We are now in the final step of our project and, for this reason, this last contribution of our Blog will frame the main findings arising from the project activities as well as the main responses to our initial needs. In fact, since the beginning this project has aimed to promote adolescents’ capabilities to improve intimate relationships with their peers. We have pursued this goal through different activities ranging from training and interactive workshops to filming and reciting activities, which were expected to enable teenagers to recognize the IPV-related protective factors they already have (i.e., individual skills, family and school assets, and other community settings they belong to) to build and maintain healthy love relationships. Namely, we have fostered teens to strengthen self- esteem and trust, challenge sexism or tolerant attitudes towards gender-based (and) dating violence, manage problems and conflicts through interpersonal communication skills and mediation, claim their rights and protect themselves from risky or abusive relationships.
In order to response all these objectives, in just two years we have ambitiously performed training seminars with about 100 teachers and more than 50 workshops with 1550 students aged from 12 to 17 years in six different European cities (Alicante, Mathosinos, Cardiff, Poznam, Iasi, Roma). In doing so, our project has contributed to raise awareness about the importance of healthy interpersonal relationships among students and the whole educational community around them.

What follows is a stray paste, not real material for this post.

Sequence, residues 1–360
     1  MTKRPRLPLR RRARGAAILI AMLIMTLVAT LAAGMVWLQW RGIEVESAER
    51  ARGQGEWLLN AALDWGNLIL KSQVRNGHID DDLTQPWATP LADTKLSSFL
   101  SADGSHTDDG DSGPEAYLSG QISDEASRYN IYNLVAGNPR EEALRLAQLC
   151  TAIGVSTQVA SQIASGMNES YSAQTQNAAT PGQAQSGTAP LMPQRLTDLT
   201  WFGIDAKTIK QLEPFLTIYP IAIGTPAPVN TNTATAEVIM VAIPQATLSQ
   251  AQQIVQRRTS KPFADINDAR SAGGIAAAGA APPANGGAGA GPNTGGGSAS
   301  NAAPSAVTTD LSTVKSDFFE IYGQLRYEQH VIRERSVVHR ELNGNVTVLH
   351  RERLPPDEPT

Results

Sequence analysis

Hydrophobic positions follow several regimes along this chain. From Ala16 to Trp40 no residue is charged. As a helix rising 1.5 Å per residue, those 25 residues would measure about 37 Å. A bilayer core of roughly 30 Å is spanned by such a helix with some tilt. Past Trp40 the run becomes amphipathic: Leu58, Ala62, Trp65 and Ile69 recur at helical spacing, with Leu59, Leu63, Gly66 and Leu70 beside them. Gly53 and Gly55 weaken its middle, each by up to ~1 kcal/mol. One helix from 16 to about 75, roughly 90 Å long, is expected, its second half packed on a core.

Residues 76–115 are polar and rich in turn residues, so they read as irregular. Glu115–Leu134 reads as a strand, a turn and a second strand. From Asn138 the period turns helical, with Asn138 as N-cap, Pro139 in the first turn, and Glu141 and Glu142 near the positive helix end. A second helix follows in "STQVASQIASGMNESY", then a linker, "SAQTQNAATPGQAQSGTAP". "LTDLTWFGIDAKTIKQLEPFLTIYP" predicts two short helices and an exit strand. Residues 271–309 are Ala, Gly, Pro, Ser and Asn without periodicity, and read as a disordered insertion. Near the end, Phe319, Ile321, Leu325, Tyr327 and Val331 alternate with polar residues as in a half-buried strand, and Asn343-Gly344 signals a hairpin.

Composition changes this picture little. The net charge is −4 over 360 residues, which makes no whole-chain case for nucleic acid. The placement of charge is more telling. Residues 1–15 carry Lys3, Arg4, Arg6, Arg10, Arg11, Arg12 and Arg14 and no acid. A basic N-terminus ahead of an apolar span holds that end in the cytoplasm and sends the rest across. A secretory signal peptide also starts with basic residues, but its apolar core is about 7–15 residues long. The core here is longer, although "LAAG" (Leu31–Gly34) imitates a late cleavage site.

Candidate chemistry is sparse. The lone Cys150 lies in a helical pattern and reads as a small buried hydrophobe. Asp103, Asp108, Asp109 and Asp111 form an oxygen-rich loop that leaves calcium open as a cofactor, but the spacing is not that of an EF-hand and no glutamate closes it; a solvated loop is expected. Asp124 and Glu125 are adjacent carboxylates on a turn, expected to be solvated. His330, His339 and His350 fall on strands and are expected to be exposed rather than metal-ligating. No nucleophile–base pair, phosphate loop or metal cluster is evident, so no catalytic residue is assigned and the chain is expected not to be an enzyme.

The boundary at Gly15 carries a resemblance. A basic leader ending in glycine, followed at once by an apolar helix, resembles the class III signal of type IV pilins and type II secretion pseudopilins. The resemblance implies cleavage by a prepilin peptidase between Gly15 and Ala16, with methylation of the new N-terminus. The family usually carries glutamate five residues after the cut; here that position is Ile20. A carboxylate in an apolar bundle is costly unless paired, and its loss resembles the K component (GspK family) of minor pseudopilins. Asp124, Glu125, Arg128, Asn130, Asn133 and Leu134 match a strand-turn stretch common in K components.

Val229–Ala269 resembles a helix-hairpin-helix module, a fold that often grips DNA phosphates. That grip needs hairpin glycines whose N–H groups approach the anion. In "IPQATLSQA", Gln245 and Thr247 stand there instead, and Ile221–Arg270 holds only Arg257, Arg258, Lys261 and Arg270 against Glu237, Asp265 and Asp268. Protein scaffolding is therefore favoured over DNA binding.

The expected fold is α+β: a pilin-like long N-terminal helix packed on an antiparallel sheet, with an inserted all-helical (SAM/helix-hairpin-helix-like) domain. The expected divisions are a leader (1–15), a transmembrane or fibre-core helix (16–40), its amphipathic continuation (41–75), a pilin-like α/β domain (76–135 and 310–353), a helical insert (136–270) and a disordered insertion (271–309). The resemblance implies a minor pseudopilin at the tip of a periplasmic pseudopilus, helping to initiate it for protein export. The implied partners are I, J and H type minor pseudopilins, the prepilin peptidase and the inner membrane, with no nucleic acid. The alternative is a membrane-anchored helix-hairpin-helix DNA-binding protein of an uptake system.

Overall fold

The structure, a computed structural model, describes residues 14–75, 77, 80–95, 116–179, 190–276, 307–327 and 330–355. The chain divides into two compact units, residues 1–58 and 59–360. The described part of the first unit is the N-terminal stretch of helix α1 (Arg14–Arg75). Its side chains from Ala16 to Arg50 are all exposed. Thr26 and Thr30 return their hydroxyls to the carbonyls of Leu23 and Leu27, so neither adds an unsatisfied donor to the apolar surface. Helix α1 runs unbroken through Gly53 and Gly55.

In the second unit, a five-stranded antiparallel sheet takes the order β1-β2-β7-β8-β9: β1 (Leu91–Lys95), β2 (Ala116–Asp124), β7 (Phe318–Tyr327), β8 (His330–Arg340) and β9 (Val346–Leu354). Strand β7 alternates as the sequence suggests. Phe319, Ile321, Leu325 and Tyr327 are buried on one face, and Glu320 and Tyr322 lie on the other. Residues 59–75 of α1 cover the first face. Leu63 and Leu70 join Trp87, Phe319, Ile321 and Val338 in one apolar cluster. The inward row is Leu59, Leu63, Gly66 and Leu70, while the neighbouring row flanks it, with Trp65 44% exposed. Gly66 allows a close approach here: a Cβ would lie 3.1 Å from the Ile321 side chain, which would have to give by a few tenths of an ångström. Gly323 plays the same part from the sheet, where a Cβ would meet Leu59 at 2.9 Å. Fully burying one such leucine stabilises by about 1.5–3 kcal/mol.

At the end of this path, we can pin some interesting results.
- Sexism decreased among those students who participated in the workshops, more than among those ones who were in the control group and were not exposed to the intervention activities. This decrease was stronger among girls (mean differences= -4.6, p-value <0.001) than among boys (mean differences= -3.0, p-value <0.001).
- Even aggressiveness mainly decreased among girls, namely among those ones from the intervention group; the boys from the intervention group showed a slightly increase compared to control group (p=0.044).
- The final 30 short-films produced by the students (including a total amount of 180 video-capsules) did allow them to acknowledge their friends, families, school staff as relevant protective assets against any form of violence.
- Filming and reciting activities did empower participants in managing dating violence situations through personal skillssuch as problem-solving, empathy, assertiveness and communication.
Of course, all these results should be interpreted by looking at the specific contexts we reached with our project, which are very different from each other, thus revealing the importance of combining diverse settings and integrating tailor-made interventions. The duration of the project is also relevant, because the long-term effects of the interventions can reveal significant aspects that otherwise remain opaque. And finally, we must consider the effect of other similar interventions taking place in the schools, which may have influenced or shaped students’ receptiveness, thus showing – for that matter – the importance of interconnecting similar projects.